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Steve Ballmer sacked Sinofsky to clear the way for swifter progress in mobile

No one was more public as the face of Windows 8 than Microsoft exec Steven Sinofsky. As Windows Division President, his sudden departure from the company only two weeks after the Windows 8 launch turned heads across the world of technology. It’s easy to always view the departure of a long-time, key executive as a loss, and speculate on how the company will fill their shoes, but in this case Microsoft may have done itself a big favour.

Even though Microsoft and Sinofsky are both working hard to make his leaving the company appear to be part of an organised transition, the poor timing, total lack of a plausible back story, and insider reports of an impromptu meltdown and summary dismissal add up to a more likely scenario that Microsoft CEO Steve Ballmer had simply had enough. Now, our own sources tell us that the sudden dismissal – enacted by Steve Ballmer himself – was a surprise to both Sinofsky and his staff, but there is no shortage of speculation as to the reasons.

Whether it was a decade of Sinofsky’s foot-dragging when it came to tablets and touch-based interfaces, or the poor reception of the software on Microsoft’s flagship Surface RT tablet may never be known, but Sinofsky’s dismissal appears to have come about very suddenly. Clearly Ballmer will assume a more direct role in Windows management, with Windows VPs Julie Larson-Green and Tami Reller now reporting directly to him. Larson-Green is best known as a driving force behind the new Windows 8 UI and, prior to that, the Office ribbon bar. Reller, who is less well known, is a well-respected executive who came to Microsoft in its acquisition of Great Plains.

Sinofsky was not a team player

Since before the Windows 8 launch, we’ve been told that Sinofsky is smart and driven, but also exceedingly hard to work alongside. Former members of the executive staff describe Sinofsky as “the most difficult and arrogant person they have ever tried to work with," and as being “toxic to teamwork.”

One anecdote reported by the New York Times, and confirmed by our Microsoft sources, says a lot about what he thought of himself and his peers. At a management offsite earlier this year, instead of making a scheduled presentation to the rest of Microsoft’s executive team on the progress of Windows 8, Sinofsky apparently told them to read the product blog, answered questions, and then left the retreat altogether. It’s hard to imagine mercurial Steve Ballmer putting up with that type of behaviour in anyone – let alone a senior executive. Not wanting to rock the Windows 8 apple cart before launch is just about the only thing imaginable that would have kept Ballmer’s temper in check at that point.

The Windows 7 stonewall wasn’t the first time Sinofsky had worked to crush a Microsoft tablet project. He is widely assigned responsibility by those involved for killing the Courier tablet project and helping drive the project’s leaders, Robbie Bach and J Allard, out of the company. As head of Microsoft’s Office division at the time, Sinofsky’s foot-dragging and de-emphasising of pen and touch support in Office is blamed by ex-Microsoft employees we spoke to for the poor reception of Microsoft’s convertible laptops. Even so, Sinofsky doesn’t deserve all the blame for Microsoft’s slow progress in tablet computing. Other Microsoft veterans involved in the efforts, who spoke with us confidentially, blame the lack of focused product visionaries at the highest levels of the company.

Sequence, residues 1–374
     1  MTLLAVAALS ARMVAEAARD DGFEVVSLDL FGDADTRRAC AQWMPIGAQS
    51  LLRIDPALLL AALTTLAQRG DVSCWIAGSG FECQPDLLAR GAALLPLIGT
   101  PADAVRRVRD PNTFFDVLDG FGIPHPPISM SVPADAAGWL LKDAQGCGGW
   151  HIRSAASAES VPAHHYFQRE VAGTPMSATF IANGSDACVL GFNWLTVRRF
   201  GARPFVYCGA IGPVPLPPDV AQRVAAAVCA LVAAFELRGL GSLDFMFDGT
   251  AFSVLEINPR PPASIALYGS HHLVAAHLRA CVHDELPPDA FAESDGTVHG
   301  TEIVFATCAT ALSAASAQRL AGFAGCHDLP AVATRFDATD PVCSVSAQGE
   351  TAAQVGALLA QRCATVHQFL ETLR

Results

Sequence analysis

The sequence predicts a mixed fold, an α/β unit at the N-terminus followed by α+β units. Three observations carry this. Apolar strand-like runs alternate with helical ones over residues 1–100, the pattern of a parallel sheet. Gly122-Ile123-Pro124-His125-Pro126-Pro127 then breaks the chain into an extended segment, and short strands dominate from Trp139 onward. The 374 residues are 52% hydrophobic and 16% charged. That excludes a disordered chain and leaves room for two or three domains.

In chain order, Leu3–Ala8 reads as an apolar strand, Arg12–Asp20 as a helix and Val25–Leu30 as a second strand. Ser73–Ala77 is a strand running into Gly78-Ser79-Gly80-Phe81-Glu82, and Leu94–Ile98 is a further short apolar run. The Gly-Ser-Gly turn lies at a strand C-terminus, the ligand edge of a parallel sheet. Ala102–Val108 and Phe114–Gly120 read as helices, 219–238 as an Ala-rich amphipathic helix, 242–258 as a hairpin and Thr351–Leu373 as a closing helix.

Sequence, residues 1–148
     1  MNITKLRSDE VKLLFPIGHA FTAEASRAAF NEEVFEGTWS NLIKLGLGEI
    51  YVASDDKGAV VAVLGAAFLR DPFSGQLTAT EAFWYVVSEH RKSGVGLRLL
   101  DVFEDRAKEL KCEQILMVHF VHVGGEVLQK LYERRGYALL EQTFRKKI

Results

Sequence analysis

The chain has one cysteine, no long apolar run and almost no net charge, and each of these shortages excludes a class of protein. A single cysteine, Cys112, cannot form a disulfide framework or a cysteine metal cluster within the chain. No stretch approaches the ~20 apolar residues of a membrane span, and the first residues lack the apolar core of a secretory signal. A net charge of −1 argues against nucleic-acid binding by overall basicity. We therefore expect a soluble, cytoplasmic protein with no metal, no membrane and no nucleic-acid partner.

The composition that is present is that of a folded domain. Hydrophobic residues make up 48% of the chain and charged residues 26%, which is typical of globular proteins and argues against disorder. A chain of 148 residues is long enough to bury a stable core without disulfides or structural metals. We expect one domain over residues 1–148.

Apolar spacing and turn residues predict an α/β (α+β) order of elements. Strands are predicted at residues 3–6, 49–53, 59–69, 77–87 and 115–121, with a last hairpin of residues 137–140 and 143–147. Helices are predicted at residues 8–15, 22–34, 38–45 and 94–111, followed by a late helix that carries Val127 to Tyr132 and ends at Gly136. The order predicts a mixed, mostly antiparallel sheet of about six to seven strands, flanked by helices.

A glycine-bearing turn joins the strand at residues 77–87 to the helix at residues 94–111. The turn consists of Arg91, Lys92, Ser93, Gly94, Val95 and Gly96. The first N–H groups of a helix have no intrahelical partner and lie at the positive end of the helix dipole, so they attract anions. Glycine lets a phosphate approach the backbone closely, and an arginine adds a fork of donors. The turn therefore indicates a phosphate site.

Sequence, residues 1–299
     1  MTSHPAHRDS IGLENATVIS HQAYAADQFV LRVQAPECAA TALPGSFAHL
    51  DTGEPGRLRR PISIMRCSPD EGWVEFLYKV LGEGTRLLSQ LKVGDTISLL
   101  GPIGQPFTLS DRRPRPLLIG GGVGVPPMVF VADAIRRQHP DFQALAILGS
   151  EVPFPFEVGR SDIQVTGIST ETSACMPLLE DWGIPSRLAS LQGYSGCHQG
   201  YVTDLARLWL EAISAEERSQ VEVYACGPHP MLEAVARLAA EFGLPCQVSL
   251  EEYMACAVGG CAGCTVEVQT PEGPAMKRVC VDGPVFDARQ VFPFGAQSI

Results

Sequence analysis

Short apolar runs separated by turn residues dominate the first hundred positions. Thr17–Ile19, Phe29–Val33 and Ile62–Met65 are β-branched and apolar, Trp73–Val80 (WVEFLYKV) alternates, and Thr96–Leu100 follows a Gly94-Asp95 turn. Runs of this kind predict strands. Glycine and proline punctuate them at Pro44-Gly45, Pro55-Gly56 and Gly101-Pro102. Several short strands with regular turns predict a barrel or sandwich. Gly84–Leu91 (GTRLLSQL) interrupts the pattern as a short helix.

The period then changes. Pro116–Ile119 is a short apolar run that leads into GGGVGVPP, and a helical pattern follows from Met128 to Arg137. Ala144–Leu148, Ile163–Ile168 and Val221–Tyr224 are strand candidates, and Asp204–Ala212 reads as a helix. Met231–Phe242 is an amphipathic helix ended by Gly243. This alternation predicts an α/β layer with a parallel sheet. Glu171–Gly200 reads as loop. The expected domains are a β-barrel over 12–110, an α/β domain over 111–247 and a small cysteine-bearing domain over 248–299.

Sinofsky’s run-ins weren’t limited to tablet computing initiatives. The Wall Street Journal’s well-connected Kara Swisher even links him to the departure of Stephen Elop for Nokia. With Sinofsky’s aggressive attitude towards his peers, it is not hard to imagine some fireworks when the modern, touch-centric Metro UI from Joe Belfiore’s Windows Phone group was destined to become the new Start screen for Windows 8.

Whether Sinofsky’s traditional stubbornness helped cause the customer-unfriendly decision to dump the Start button or not is unknown, but it certainly isn’t a surprise that Metro and the desktop don’t play nicely with each other. Since Larson-Green is reported to have been one of the key drivers behind the Metro UI design, it may be optimistic to hope for the Start menu to reappear anytime soon.

Did Microsoft lose a leader or an anchor?

There has been a lot of speculation about whether Microsoft took a risk by dismissing a key product executive during its largest ever Windows transition. Much of that speculation centres on who will provide the vision for Microsoft’s future. Those speculators are asking the wrong question though. From those I’ve talked to who have worked with him, Sinofsky was the guy who could “make the trains run on time,” but “didn’t have an ounce of strategic vision.” Perhaps that is an extreme characterisation of Sinofsky, but a decade-long track record of pushing company visionaries towards leaving tends to reinforce it.

If Sinofsky was actually part of what has been holding back the evolution of first Microsoft Office and now Microsoft Windows, then the right question might be what kind of exciting new and visionary products will we see from an executive team that doesn’t have to fight with him for every step of progress?